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Graduate Management Admission Test (GMAT)


GMAT Syllabus

GMAT Syllabus for Analytical Writing Assessment (AWA)

In Analytical Writing, a candidate has to write and read and answer the question accompanying an essay. There is 1 essay in the AWA section.


  • Argument Essay: In this section, the reasoning and all underlying assumptions must be considered. The candidate must analyze the statement and argument in isolation without biases.

GMAT Syllabus for Integrated Reasoning

This section has been added to the GMAT recently. It comprises 12 questions of the following type:

  • Two-Part Analysis: This section tests a candidate’s ability to interpret and solve problems. These problems can be of quantitative, verbal, and a combination type.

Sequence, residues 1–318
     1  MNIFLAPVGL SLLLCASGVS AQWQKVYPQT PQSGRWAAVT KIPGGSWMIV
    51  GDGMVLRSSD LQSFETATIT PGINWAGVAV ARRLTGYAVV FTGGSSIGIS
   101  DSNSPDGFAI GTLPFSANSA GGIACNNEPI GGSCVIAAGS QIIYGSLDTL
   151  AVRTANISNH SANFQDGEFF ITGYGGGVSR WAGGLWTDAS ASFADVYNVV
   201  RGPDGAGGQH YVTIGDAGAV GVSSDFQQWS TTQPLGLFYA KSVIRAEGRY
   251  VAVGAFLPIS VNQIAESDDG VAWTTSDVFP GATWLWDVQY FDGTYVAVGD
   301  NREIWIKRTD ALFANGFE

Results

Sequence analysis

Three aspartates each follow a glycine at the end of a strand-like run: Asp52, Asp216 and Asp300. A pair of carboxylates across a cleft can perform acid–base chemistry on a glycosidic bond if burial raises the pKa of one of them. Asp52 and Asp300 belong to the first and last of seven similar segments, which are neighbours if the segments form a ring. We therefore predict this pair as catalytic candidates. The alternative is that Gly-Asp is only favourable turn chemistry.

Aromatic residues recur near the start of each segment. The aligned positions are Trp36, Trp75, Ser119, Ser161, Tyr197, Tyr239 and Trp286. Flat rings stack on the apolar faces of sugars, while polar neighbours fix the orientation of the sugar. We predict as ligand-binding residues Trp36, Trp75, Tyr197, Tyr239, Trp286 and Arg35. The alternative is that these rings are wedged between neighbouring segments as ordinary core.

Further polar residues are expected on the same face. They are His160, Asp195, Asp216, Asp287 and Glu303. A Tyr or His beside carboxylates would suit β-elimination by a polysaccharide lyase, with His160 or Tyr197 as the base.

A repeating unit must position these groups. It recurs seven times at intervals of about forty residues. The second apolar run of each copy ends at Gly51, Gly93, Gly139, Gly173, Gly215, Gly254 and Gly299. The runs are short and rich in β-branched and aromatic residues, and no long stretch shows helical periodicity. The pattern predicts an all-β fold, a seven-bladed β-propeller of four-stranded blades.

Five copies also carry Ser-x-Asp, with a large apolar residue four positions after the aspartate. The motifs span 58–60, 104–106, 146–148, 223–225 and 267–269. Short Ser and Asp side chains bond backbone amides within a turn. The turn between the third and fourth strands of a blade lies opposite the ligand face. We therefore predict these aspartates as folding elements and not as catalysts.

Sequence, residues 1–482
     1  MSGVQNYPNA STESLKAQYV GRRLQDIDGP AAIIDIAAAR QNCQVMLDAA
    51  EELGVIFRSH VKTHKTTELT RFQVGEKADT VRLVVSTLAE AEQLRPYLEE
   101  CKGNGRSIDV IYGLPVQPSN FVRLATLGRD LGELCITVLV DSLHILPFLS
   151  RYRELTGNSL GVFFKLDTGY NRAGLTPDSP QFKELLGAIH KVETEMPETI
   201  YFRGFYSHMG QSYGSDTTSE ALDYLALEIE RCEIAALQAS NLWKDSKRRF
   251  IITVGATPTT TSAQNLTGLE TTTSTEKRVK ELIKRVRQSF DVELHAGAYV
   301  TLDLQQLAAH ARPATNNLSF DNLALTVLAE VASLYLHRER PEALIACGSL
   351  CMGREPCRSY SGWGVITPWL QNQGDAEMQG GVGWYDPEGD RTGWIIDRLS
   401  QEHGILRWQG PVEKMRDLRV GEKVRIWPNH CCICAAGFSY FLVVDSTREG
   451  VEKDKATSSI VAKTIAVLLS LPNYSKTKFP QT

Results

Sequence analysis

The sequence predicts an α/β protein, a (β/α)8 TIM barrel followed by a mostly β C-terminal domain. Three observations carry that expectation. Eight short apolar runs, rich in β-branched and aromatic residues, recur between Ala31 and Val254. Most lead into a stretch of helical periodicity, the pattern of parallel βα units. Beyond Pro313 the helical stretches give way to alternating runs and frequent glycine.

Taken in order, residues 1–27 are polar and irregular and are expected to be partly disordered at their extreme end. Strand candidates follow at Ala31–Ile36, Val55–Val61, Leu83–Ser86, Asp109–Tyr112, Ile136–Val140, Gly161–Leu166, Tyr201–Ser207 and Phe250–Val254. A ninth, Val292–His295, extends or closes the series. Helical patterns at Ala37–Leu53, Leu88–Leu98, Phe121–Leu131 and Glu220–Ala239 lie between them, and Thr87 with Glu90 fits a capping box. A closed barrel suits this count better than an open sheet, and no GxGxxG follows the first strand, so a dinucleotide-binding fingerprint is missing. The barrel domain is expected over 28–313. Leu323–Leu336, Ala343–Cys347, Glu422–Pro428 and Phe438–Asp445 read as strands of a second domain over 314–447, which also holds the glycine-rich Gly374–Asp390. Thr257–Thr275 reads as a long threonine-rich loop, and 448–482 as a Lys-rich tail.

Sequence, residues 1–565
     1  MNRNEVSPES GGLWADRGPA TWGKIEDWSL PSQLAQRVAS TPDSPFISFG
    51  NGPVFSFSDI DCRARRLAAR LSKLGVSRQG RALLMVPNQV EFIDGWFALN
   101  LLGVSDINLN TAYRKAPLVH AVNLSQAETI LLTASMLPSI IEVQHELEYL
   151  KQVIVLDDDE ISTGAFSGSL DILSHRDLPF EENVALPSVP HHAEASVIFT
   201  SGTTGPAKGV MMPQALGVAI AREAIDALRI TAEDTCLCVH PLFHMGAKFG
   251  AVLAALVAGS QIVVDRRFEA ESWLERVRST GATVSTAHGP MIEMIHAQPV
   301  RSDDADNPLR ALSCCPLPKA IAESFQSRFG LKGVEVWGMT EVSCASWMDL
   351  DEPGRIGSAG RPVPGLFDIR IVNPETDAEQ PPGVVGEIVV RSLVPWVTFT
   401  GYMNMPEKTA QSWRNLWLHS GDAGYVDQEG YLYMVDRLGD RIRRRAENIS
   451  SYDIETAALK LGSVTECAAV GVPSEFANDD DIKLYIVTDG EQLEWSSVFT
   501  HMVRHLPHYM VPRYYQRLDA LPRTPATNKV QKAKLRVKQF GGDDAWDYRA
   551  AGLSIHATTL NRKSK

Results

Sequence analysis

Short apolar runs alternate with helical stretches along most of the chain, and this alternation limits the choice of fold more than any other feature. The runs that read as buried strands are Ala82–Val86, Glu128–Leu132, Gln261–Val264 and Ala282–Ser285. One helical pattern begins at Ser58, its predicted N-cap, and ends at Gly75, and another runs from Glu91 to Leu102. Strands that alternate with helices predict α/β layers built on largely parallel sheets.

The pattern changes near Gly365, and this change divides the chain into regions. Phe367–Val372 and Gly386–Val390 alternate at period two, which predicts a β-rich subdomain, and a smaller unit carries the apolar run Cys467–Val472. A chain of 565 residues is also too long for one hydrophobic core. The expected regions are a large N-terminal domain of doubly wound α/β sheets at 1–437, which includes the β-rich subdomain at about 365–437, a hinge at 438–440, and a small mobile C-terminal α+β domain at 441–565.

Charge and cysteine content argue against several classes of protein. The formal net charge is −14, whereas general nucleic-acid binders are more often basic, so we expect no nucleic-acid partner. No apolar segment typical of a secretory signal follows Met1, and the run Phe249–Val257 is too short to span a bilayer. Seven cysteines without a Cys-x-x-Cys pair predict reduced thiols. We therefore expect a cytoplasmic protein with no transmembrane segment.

• Table Analysis: This section tests a candidate’s ability to sort the table to find the most important information that may be relevant to solve the problem. The table may comprise information, such as statistics, ratios, probabilities, and so on.

  • Multi-Source Reasoning: This type of information is presented in the form of graphics, charts, and tables. The candidate is expected to collate the information and interpret it.

  • Graphics Interpretation: In this section, the candidate has to interpret the graphics presented. The graphics may feature line plot, scatter plot, box plot, area under curve, cumulative frequency distribution, probability frequency distribution, confidence level graph, x/y graph, pie chart, statistical curve distribution, or bar chart.

GMAT Syllabus for Quantitative Reasoning

There are 31 questions in this section, which are distributed across data sufficiency and problem solving.

  • Data Sufficiency: It tests the candidate’s ability to look at the quantitative problem, identify important data, as well as find enough data required to answer the problem.

  • Problem Solving: In this section, the candidate is driven to use their analytical reasoning and logic to answer quantitative reasoning questions.

The following are some key Quant Topics:

Algebra Arithmetic Modern Math Geometry
Elements of Algebra Number System Set Theory Lines and Angles